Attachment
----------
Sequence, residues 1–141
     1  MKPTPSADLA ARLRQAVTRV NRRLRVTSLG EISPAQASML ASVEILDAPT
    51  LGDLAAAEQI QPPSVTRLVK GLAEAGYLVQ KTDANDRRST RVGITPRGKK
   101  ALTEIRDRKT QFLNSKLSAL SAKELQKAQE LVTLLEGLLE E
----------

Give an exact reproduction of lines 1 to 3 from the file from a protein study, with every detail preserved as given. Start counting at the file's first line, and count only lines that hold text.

Sequence, residues 1–141
     1  MKPTPSADLA ARLRQAVTRV NRRLRVTSLG EISPAQASML ASVEILDAPT
    51  LGDLAAAEQI QPPSVTRLVK GLAEAGYLVQ KTDANDRRST RVGITPRGKK